On the 30th of May 1790, a very pretty sight was seen by the villagers assembled near the door of Foxholm Church. The sun was bright upon the dewy grass, the air was alive with the murmur of bees and the trilling of birds, the bushy blossoming chestnuts and the foamy flowering hedgerows seemed to be crowding round to learn why the church-bells were ringing so merrily, as Maynard Gilfil, his face bright with happiness, walked out of the old Gothic doorway with Tina on his arm. The little face was still pale, and there was a subdued melancholy in it, as of one who sups with friends for the last time, and has his ear open for the signal that will call him away. But the tiny hand rested with the pressure of contented affection on Maynard’s arm, and the dark eyes met his downward glance with timid answering love.
There was no train of bridesmaids; only pretty Mrs. Heron leaning on the arm of a dark-haired young man hitherto unknown in Foxholm, and holding by the other hand little Ozzy, who exulted less in his new velvet cap and tunic, than in the notion that he was bridesman to Tin-Tin.
Last of all came a couple whom the villagers eyed yet more eagerly than the bride and bridegroom: a fine old gentleman, who looked round with keen glances that cowed the conscious scapegraces among them, and a stately lady in blue-and-white silk robes, who must surely be like Queen Charlotte.
‘Well, that theer’s whut I coal a pictur,’ said old ‘Mester’ Ford, a true Staffordshire patriarch, who leaned on a stick and held his head very much on one side, with the air of a man who had little hope of the present generation, but would at all events give it the benefit of his criticism. ‘Th’ yoong men noo-a-deys, the’re poor squashy things — the’ looke well anoof, but the’ woon’t wear, the’ woon’t wear. Theer’s ne’er un’ll carry his ‘ears like that Sir Cris’fer Chuvrell.’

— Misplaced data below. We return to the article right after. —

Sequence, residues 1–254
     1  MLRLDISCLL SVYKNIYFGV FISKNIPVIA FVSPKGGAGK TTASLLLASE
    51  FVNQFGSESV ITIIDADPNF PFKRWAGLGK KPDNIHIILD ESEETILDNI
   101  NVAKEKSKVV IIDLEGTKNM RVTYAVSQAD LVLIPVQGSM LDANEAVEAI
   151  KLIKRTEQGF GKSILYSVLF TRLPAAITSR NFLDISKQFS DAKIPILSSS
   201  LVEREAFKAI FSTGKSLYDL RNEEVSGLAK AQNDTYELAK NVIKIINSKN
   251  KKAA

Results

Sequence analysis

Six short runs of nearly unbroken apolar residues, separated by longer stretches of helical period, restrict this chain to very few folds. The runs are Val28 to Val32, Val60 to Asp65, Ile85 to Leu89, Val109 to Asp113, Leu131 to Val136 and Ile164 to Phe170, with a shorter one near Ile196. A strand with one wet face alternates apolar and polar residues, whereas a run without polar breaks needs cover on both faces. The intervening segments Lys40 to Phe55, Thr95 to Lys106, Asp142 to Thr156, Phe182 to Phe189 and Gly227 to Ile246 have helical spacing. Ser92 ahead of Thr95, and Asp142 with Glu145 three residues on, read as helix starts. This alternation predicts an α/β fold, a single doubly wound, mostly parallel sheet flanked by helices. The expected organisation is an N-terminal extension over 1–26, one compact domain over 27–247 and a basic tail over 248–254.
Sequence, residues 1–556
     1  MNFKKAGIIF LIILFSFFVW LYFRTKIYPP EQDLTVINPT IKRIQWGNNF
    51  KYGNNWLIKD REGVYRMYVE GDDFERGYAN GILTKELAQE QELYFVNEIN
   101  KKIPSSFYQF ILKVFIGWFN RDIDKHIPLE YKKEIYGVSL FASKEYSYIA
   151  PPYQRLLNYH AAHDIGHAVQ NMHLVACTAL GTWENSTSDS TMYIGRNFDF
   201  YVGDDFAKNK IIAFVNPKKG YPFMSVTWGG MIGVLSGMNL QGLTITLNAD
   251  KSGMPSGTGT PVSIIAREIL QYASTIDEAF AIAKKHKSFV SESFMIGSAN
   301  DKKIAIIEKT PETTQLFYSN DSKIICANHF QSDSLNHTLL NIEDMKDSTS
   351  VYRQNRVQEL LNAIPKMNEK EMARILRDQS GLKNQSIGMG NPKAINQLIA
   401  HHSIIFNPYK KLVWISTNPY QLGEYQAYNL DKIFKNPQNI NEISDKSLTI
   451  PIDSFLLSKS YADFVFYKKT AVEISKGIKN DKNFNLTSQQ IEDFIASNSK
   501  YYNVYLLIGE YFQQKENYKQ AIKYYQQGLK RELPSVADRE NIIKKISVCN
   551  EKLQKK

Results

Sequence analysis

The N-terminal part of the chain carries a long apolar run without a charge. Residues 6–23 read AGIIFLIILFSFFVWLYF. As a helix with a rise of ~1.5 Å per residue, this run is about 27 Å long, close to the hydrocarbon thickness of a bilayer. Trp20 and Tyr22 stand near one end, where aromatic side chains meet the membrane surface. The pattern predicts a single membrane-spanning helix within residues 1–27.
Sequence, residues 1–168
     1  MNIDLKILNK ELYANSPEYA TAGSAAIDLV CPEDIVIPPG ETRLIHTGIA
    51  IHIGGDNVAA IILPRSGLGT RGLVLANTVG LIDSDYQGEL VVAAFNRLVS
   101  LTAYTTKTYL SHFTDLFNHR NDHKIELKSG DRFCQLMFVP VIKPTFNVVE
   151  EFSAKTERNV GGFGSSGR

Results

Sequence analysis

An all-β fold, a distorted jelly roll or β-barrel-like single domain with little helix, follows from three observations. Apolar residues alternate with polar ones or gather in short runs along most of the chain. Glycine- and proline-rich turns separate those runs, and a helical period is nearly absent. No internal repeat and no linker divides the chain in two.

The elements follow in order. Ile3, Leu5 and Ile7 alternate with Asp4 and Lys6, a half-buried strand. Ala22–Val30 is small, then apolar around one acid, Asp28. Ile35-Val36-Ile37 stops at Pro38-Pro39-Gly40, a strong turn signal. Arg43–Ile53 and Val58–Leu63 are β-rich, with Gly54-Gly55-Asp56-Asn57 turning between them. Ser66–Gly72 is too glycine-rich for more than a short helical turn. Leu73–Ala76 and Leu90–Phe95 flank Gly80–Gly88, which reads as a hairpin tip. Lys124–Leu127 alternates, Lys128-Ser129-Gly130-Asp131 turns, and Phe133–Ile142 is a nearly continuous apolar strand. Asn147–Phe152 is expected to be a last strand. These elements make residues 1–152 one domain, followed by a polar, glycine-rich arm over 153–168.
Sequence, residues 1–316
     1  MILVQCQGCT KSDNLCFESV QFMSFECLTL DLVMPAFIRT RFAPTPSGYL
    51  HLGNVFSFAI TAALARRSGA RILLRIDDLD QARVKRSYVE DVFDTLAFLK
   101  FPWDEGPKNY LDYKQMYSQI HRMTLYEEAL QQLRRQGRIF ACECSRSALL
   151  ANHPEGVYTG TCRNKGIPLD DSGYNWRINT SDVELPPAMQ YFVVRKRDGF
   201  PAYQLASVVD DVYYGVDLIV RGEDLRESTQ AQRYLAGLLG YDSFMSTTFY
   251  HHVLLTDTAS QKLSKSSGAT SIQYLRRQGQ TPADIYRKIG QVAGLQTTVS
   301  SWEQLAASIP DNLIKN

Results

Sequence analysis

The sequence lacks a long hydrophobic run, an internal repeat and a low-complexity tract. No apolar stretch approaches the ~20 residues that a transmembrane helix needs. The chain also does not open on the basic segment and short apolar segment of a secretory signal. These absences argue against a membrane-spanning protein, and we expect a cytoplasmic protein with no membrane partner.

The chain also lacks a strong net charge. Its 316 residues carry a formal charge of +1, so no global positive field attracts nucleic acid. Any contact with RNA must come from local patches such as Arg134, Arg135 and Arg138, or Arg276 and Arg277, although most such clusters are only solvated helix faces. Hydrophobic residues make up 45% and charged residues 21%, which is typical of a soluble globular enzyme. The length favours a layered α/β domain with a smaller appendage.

‘Ull bet ye two pots,’ said another of the seniors, ‘as that yoongster a-walkin’ wi’ th’ parson’s wife ‘ll be Sir Cris’fer’s son — he fevours him.’
‘Nay, yae’ll bet that wi’ as big a fule as yersen; hae’s noo son at all. As I oonderstan’, hae’s the nevey as is’ t’ heir th’ esteate. The coochman as puts oop at th’ White Hoss tellt me as theer war another nevey, a deal finer chap t’ looke at nor this un, as died in a fit, all on a soodden, an’ soo this here yoong un’s got upo’ th’ perch istid.’
At the church gate Mr. Bates was standing in a new suit, ready to speak words of good omen as the bride and bridegroom approached. He had come all the way from Cheverel Manor on purpose to see Miss Tina happy once more, and would have been in a state of unmixed joy but for the inferiority of the wedding nosegays to what he could have furnished from the garden at the Manor.
‘God A’maighty bless ye both, an’ send ye long laife an’ happiness,’ were the good gardener’s rather tremulous words.
‘Thank you, uncle Bates; always remember Tina,’ said the sweet low voice, which fell on Mr. Bates’s ear for the last time.
The wedding journey was to be a circuitous route to Shepperton, where Mr. Gilfil had been for several months inducted as vicar. This small living had been given him through the interest of an old friend who had some claim on the gratitude of the Oldinport family; and it was a satisfaction both to Maynard and Sir Christopher that a home to which he might take Caterina had thus readily presented itself at a distance from Cheverel Manor. For it had never yet been thought safe that she should revisit the scene of her sufferings, her health continuing too delicate to encourage the slightest risk of painful excitement. In a year or two, perhaps, by the time old Mr. Crichley, the rector of Cumbermoor, should have left a world of gout, and when Caterina would very likely be a happy mother, Maynard might safely take up his abode at Cumbermoor, and Tina would feel nothing but content at seeing a new ‘little black-eyed monkey’ running up and down the gallery and gardens of the Manor. A mother dreads no memories — those shadows have all melted away in the dawn of baby’s smile.
In these hopes, and in the enjoyment of Tina’s nestling affection, Mr. Gilfil tasted a few months of perfect happiness. She had come to lean entirely on his love, and to find life sweet for his sake. Her continual languor and want of active interest was a natural consequence of bodily feebleness, and the prospect of her becoming a mother was a new ground for hoping the best. But the delicate plant had been too deeply bruised, and in the struggle to put forth a blossom it died.
Tina died, and Maynard Gilfil’s love went with her into deep silence for evermore.
Last updated Monday, December 22, 2014 at 10:50